1/ I read Hara & Sanfilippo (2016) Co-constructing controversy: Content analysis of collaborative knowledge negotiation in online communities http://dx.doi.org/10.1080/1369118X.2016.1142595 #5Papers
2/ This study explored a social construction of knowledge in online environments
3/ They asked “How do ordinary citizens make sense of contested scientific knowledge in online communities?”
4/ Online knowledge collaboration seems to involve sharing existing knowledge (knowledge reuse) and collaborative knowledge creation site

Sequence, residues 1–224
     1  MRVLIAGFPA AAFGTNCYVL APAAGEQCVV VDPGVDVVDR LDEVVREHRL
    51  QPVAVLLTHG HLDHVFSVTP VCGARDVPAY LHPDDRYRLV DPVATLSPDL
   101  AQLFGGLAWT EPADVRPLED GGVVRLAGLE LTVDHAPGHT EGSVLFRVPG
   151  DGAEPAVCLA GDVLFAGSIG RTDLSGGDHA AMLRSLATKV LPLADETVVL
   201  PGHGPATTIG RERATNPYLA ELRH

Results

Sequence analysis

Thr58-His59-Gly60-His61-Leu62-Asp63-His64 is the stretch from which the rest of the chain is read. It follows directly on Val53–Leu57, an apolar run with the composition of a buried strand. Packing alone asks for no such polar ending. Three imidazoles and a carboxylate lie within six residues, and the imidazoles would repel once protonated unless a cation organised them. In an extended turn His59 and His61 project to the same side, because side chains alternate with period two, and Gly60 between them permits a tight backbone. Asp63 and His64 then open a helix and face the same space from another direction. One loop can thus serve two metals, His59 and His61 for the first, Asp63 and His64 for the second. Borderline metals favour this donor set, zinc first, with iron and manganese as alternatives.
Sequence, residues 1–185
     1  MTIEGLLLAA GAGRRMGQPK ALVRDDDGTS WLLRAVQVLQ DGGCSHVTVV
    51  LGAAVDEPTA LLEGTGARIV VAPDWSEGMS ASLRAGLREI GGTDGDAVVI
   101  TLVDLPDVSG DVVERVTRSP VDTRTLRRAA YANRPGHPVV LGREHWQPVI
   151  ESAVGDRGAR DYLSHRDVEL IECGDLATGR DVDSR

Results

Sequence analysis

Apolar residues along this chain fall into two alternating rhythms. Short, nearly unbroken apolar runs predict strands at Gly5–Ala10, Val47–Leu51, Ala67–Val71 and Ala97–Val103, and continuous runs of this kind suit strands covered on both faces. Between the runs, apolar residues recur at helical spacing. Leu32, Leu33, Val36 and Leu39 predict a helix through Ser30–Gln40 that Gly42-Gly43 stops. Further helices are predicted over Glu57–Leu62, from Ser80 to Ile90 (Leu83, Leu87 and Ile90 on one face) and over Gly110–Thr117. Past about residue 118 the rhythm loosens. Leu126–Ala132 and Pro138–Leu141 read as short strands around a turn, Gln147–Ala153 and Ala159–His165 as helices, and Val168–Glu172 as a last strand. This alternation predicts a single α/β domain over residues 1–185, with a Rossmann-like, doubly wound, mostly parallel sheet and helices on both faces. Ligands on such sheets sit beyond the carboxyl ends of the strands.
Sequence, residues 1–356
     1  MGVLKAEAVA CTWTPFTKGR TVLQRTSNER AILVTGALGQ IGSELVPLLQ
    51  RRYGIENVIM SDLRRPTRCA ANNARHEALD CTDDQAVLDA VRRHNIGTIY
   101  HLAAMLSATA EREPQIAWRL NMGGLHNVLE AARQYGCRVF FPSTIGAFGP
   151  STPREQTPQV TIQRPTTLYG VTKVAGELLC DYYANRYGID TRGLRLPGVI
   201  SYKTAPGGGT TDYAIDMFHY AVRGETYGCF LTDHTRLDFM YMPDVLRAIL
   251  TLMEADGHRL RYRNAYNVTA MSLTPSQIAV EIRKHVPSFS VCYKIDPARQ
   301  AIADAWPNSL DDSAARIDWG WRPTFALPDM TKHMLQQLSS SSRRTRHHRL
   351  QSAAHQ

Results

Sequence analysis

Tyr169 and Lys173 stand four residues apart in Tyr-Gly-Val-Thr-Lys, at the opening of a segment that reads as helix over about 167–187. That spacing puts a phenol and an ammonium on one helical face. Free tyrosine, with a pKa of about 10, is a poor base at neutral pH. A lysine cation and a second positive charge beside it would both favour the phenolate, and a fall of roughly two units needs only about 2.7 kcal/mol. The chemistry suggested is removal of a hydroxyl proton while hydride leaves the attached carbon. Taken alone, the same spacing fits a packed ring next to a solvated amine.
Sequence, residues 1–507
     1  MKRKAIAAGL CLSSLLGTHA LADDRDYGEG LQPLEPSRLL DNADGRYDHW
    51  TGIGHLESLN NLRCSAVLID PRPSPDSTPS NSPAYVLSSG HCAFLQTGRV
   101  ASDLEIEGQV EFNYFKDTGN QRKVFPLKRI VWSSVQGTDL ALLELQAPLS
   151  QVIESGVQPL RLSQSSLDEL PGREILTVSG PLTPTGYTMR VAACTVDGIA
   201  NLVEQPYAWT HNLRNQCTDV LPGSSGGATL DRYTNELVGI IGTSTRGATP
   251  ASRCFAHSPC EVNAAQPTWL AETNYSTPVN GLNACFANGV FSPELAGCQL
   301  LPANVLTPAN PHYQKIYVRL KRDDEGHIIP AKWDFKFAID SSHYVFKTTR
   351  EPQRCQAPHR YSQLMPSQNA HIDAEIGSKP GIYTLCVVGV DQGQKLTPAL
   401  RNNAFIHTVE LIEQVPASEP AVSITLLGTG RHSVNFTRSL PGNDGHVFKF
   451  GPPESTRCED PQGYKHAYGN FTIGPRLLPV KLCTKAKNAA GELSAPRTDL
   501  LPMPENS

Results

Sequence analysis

5/ This study focused around 3 online communities discussing the Measles, Mumps, and Rubella (MMR) vaccine and previous faulty science myths
6/ The authors did a content analysis of postings in this area and coded the results (great example of qualitative code use in practice!)
7/ The researchers identified 4 content categories–editorial, knowledge components, knowledge scaffolding, and vandalism. Useful for future studies.
8/ The examples the researchers shared with the limits of their research were excellent examples for how to acknowledge them
9/ I am unclear why the authors talked about the statistical significance of their qualitative findings, but a minor point in the wider methodology
Interested in learning more about this approach to #5Papers and the related article summaries? See here.